The Straits Times: Fresh tech graduates from S’pore unis bag highest starting pay of over $5,600: Su

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Fresh tech graduates from S’pore unis bag highest starting pay of over $5,600: Survey

Amelia Teng
Education Correspondent
20 Feb 2023

SINGAPORE – Mr Fazirul Hanafe was in his last year of studies at Nanyang Technological University (NTU) in November 2021 when he landed a job as a software engineer at social networking company Meta.

In fact, it was one of four job offers on his plate by the time he ended school.

The 26-year-old graduate, who has a Bachelor of Engineering degree in computer science, said: “Once I got the offer from Meta, I stopped looking for other jobs... I felt that working at a large multinational corporation like Meta would give me exciting and challenging projects I could work on for my own growth.”

The recent job cuts in the tech sector in the second half of 2022 have been unnerving for fresh tech graduates like Mr Fazirul. More than 50 employees in Singapore are said to have been laid off by Meta as at November 2022.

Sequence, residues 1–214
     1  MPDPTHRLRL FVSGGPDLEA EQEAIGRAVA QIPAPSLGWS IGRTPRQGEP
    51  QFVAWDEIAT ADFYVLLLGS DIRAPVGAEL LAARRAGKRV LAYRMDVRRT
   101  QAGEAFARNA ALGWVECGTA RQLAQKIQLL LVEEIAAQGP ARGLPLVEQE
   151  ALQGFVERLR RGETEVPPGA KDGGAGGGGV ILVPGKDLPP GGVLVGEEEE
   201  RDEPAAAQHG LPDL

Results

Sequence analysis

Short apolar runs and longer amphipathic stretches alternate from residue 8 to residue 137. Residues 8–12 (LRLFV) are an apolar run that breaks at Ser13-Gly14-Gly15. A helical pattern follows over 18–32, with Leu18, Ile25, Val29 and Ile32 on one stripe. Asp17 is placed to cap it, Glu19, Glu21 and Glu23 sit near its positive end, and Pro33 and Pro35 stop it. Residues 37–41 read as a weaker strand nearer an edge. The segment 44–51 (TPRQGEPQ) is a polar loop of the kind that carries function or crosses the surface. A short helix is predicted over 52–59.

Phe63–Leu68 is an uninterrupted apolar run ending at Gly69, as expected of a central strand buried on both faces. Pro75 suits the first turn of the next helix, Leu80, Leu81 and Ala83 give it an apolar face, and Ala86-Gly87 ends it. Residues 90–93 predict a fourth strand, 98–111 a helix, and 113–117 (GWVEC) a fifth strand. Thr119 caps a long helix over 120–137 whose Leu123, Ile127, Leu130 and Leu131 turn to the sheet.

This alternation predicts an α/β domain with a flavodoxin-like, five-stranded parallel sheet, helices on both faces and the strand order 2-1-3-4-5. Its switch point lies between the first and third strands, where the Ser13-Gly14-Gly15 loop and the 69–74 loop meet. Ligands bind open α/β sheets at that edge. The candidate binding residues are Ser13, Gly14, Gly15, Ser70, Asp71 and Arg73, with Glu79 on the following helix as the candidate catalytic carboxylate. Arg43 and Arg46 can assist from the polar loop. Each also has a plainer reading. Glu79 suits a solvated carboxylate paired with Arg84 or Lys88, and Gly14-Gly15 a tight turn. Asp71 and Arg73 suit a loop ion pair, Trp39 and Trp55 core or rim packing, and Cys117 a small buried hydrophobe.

“The possibility of being laid off three months into my first job is definitely worrying... From what I’ve seen, those who were laid off were not lacking in skills. It looked random,” said Mr Fazirul.

“But I see now that they have new jobs... It’s a competitive job market but I’m sure that the general tech sector is still hiring and these skills are still in demand.”

This was borne out by the latest graduate employment statistics released by four autonomous universities on Monday. Fresh graduates of information and digital technologies courses commanded the highest starting pay among their peers at $5,625 in 2022, up from $5,000 in 2021.

The overall median monthly gross starting pay of graduates across different sectors was $4,200 in 2022.

The poll by the National University of Singapore, NTU, Singapore Management University (SMU) and Singapore University of Social Sciences also found that degree courses in information and digital technologies had the highest proportion of graduates in full-time, permanent work at 93.5 per cent, compared with the overall rate of 87.5 per cent.

Observers said tech graduates are still in demand despite the job losses in the sector.

Mr Paul Heng, managing director of NeXT Career Consulting Group, said: “It’s likely that these fresh graduates were recruited during the annual career fairs that companies like to organise pre-graduation. We also need to take into consideration that companies that are firing might also be hiring – there are different job grades and type of jobs.

“Job seekers would not want to give Google, for example, a wide berth although they have been firing.”

CIMB Private Banking economist Song Seng Wun said: “The media highlights the job cuts, but what we fail to realise is that this is taking place concurrently with other companies hiring... Overall, more businesses are still looking to hire than to fire.